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athenahealth 2013 PayerView Report: Payers slow to go digital, Medicaid underperforms again, ICD-10 cash flow disruption

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WATERTOWN, MA – June 26, 2013 – athenahealth, Inc. (NASDAQ: ATHN), a leading provider of cloud-based services for electronic health record (EHR), practice management and care coordination, today unveiled the 2013 PayerViewReport, an annual quantitative report that uses athenahealth’s cloud-based data, spanning a national network of more than 40,000 health care providers, to deliver insight into the provider-payer relationship.

PayerView ranks both government and commercial payers in areas of financial performance, administrative performance, and transaction efficacy to provide an objective, quantitative measure of how easy or difficult it is for providers to work with certain payers. Rankings are derived from athenahealth’s aggregated, national data set of more than 40,000 providers, 83 million charge lines and $15 billion in charges. The 2013 report reveals five major trends:

#1: Despite modest improvements, Medicaid continues to underperform
•    As it has for the past several years, Medicaid continues to underperform on key metricssuch as Days in Accounts Receivable (DAR), which measures the average number of days it takes a practice to collect on payments.As millions more payments are processed through the Medicaid Expansion, going into effect in January 2014 as part of the Affordable Care Act (ACA), the inability of Medicaid to process payments efficiently could have dire consequences for provider cash flow.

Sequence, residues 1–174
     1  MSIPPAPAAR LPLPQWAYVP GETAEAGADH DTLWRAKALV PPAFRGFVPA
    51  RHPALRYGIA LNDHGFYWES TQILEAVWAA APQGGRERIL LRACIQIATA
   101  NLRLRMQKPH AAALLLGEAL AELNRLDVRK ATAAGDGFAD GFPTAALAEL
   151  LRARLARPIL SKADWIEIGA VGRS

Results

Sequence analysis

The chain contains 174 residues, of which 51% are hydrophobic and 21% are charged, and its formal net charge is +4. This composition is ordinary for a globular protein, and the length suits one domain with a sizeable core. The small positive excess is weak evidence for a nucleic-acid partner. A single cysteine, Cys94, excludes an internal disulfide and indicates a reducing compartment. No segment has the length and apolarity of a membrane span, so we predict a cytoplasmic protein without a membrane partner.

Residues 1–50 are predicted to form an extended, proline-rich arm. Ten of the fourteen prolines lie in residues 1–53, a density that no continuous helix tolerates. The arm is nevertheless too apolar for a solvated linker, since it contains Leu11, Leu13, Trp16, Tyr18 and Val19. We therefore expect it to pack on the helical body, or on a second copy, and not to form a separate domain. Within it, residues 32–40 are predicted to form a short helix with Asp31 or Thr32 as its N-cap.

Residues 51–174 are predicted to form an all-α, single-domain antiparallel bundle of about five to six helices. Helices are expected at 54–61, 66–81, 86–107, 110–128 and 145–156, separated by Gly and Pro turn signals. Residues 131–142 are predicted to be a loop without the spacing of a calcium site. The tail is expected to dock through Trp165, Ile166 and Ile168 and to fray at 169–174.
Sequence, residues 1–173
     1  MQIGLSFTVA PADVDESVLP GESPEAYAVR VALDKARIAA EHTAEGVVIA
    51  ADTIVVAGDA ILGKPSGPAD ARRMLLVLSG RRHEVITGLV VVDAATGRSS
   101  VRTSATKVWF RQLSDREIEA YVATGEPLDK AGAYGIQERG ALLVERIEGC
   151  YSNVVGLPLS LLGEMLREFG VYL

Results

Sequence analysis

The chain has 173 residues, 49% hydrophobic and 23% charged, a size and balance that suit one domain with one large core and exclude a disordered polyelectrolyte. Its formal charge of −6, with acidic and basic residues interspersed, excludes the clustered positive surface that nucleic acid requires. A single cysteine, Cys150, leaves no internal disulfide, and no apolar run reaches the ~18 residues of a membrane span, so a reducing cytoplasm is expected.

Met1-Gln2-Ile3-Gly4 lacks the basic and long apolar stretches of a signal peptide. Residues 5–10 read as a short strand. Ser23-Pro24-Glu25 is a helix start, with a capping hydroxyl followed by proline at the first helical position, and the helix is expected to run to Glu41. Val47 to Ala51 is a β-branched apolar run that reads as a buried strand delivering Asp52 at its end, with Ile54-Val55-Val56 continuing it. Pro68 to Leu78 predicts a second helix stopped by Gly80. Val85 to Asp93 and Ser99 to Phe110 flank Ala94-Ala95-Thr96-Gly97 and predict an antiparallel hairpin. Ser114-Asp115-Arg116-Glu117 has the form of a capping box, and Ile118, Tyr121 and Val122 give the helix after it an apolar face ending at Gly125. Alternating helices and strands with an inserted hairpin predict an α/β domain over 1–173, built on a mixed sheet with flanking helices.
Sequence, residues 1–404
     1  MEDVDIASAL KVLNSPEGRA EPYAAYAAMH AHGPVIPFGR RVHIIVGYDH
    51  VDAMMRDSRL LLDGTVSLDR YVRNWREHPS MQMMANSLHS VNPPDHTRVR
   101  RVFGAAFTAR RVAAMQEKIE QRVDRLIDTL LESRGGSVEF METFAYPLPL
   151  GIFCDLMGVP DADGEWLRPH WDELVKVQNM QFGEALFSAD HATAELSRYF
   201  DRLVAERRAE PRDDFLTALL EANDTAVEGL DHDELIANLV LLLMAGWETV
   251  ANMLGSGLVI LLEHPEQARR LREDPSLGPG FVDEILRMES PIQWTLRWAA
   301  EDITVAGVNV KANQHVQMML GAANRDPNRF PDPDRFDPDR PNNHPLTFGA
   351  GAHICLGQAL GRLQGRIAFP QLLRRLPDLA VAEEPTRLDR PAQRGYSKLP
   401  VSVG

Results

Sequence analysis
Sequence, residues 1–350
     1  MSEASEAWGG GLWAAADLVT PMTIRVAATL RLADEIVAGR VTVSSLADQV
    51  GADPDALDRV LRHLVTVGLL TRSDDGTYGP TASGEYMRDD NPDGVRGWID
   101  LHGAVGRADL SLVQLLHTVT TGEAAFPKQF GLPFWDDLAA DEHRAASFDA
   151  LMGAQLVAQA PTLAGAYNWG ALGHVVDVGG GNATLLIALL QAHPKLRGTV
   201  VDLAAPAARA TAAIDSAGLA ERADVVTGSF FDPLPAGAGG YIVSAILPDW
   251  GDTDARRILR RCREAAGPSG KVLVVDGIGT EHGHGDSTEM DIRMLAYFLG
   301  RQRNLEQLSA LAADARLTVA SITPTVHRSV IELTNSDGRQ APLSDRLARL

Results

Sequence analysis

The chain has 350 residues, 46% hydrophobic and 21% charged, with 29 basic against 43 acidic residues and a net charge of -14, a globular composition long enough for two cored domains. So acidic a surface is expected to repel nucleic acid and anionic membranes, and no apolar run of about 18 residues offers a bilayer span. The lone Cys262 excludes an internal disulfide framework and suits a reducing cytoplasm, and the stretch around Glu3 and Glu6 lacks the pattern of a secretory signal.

#2: ANSI 5010 conversion challenges may point to upcoming ICD-10 related disruption
•    ANSI 5010, a federally required electronic transaction standards update that went into effect in January 2012 and is a precursor to the ICD-10 medical coding transition, requires providers to submit claims in a new data format. PayerView shows that in the first quarter of 2012, coinciding with the ANSI 5010 transition date, the percent of claims successfully resolved on initial submission (e.g., paid or transferred to patient responsibility) was down. These conversion challenges with ANSI 5010 could be an early indicator of future breakdowns in the processing and payment of claims as the ICD-10 October 2014 deadline approaches.

#3: Providers struggle to collect full reimbursement
•    Many payers performed worse than the median 95 percent benefit accuracy, including six payers that only returned correct co-pay information less than 50 percent of the time. Given that co-pay information from payers isoften inaccurate and co-pays continue to increase for certain services, the burden on providers to monitor and seek out timely and accurate information on patient payment responsibility remains high.

#4: As reimbursement models shift, some payers seem to be staying put